Forget Milan, Rome, Paris or New York. For fashion designers, London is now the place to be.

The Times February 15, 2006

Former duckling grows into swan of global fashion
By Carolyn Asome and Alan Hamilton

London Fashion Week is the place where designer hopefuls attract attention

FORGET Milan and New York, and don’t even think about Paris. For the world’s up-and-coming fashion designers, London is suddenly the fashionable place to be.

Once dominated by home-grown talent and widely derided for its lack of commercial success, London Fashion Week, which opened yesterday, is now attracting hopefuls from around the globe in the hope that they’ll be noticed.

International buyers and fashion journalists used to largely ignore it, but this year they will be taking notice of what has become a sparkling, multinational event. This week’s multicultural mix of designers seeking fame and fortune includes Manish Arora from India, Roksanda Ilincic from Serbia and Aganovitch and Yung, the Danish-Yugoslavian-Chinese duo based in Hong Kong.

It’s a far cry from the old days, when most exhibitors at London events were graduates of Central Saint Martins College of Art and Design or the Royal College of Art. Talented though they may have been, they gave the event a decidedly parochial air.

The London schedule is looking healthier than ever, largely thanks to the efforts of the British Fashion Council, which trawls the world for new talent.

Andrew Tucker, a talent scout for the council, said yesterday: “London is the most successful launch pad for new designers. To make it as an international brand you really need to show at one of the four fashion capitals, but Milan and New York are too commercial, and you can forget the Paris schedule which is already overcrowded.” London, according to Mr Tucker, is an excellent starting point.

But, rather than just bringing in a group of relatively unknown names, most of these designers already have clout in their own countries, said Michael Blow, who organises London’s off-schedule.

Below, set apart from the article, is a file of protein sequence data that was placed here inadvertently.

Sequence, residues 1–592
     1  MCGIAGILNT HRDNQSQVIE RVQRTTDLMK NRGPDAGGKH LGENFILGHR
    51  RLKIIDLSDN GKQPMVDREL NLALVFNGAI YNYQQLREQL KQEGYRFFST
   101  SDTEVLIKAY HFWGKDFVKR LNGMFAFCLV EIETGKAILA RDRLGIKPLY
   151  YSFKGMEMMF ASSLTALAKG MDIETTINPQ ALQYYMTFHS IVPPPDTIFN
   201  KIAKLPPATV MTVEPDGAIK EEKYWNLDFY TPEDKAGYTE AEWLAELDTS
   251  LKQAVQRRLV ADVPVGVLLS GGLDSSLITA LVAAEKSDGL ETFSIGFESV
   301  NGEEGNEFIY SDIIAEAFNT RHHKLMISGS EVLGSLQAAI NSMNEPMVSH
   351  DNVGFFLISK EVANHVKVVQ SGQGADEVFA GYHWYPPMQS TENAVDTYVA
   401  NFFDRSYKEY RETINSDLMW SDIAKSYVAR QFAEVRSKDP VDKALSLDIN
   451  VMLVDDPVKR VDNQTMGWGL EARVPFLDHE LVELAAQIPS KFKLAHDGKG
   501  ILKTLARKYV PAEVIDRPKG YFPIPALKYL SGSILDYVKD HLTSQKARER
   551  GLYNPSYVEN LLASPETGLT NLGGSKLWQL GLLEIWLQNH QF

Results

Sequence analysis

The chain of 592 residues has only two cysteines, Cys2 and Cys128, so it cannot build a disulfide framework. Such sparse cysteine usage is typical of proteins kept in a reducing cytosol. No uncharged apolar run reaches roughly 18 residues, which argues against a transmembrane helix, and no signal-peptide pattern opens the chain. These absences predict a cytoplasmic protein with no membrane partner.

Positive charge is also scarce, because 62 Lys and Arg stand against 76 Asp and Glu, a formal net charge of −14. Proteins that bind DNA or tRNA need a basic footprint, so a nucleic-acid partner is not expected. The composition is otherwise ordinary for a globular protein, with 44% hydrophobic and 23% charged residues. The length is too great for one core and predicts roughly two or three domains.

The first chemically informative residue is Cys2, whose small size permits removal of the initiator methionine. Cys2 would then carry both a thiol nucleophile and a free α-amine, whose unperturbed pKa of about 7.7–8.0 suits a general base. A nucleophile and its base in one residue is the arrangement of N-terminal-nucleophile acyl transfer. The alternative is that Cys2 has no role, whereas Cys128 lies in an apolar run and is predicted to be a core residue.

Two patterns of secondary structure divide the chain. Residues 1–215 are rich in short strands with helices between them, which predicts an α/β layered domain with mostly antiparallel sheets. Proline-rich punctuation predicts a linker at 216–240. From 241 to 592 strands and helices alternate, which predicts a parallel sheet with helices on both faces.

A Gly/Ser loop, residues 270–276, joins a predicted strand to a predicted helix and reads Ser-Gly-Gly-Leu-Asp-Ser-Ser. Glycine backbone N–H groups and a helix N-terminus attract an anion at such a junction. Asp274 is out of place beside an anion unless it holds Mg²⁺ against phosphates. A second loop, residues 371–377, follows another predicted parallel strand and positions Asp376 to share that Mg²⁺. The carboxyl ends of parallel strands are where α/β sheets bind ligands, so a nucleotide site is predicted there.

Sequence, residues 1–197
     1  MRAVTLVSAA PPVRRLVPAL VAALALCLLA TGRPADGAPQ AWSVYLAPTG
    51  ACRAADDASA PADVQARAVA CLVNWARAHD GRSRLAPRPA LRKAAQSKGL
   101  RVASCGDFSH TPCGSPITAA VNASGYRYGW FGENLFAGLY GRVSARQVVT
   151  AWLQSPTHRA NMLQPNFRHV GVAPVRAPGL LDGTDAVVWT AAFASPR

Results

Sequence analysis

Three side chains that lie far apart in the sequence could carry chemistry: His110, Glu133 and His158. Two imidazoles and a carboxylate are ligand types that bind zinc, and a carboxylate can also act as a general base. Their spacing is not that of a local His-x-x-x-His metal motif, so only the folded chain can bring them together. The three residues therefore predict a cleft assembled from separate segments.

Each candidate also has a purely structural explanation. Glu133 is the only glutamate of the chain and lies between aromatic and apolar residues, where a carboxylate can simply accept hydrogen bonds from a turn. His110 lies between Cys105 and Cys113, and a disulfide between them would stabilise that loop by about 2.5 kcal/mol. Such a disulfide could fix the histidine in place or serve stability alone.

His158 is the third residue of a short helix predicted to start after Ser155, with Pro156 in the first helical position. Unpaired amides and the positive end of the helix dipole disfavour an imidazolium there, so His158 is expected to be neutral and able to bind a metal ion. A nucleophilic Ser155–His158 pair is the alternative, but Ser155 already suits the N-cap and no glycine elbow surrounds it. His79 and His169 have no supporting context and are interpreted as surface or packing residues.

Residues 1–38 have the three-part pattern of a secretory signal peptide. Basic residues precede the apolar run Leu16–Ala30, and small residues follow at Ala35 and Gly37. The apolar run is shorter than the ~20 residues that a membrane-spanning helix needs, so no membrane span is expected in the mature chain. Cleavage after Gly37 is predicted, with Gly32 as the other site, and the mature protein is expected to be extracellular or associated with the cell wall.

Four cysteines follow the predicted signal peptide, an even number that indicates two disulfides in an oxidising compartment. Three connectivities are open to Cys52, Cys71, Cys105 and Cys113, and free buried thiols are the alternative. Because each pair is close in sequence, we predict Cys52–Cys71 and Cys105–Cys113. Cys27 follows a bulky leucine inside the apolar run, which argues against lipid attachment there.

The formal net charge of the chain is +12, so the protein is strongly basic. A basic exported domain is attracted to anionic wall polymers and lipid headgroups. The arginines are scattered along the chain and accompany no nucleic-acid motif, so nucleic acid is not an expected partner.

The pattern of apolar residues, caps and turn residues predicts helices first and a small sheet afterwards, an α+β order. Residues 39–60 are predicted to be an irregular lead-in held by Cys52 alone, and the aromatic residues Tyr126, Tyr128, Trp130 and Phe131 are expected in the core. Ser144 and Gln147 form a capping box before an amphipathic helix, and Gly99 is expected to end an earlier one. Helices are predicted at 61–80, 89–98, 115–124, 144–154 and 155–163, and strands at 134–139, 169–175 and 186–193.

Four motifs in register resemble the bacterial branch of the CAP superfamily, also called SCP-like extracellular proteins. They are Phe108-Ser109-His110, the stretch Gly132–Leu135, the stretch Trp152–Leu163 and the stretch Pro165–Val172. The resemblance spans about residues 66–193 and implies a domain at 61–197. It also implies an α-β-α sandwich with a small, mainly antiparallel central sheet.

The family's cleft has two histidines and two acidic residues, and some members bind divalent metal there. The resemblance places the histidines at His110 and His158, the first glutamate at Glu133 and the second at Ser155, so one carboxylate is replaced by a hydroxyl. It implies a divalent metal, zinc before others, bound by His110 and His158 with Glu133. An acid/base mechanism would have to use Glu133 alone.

“Take Manish Arora, who currently dresses most of Bollywood’s stars and is the largest-selling designer in India. For maximum visibility, Arora chose to come to London rather than New York.”

While the Italian fashion industry is the country’s second-most productive trade, the British clothing industry is ninth in our economy, worth £4 billion a year. That result, say industry experts, is because Britain is not so economically reliant on the fashion industry as Italy; the British are less cautious and far more receptive to challenging new ideas.

There are also financial incentives to showing in London. For a designer making his debut here, the Fashion Council can help to find models for as little as £100 per girl per show.

Topshop’s sponsored designers, who show as part of the New Gen group, received a £10,000 grant to stage their own catwalk show. The recipients of this award, the c.neeon duo from Berlin, say that they would never receive such financial assistance back home.

The rest of the world is taking notice. Anna Wintour, Editor of US Vogue, will be in town and she has undoubtedly encouraged others. Julie Gilhart, the influential buyer for Barneys, the chic New York department store, is also here, as is Michael Fink, fashion director for Sak’s Fifth Avenue.

Breath is now bated at every catwalk across town: will Ms Wintour come to our show? And should we delay the start in case she turns up late?



Tonight. Earls Court

3,900 guests including James Blunt, Paul Weller, Coldplay, Gorillaz and Arctic Monkeys. Hosted by Chris Evans and Kate Thornton, with an “end of the pier” theme. Tickets are selling for £700, the budget runs into millions


Sunday. Odeon, Leicester Sq

Stephen Fry hosts the British Academy Film and Television Awards. Guests include Jake Gyllenhaal, Thandie Newton, George Clooney, Ralph Fiennes, Rachel Weisz and Charlize Theron. Party at the Grosvenor House Hotel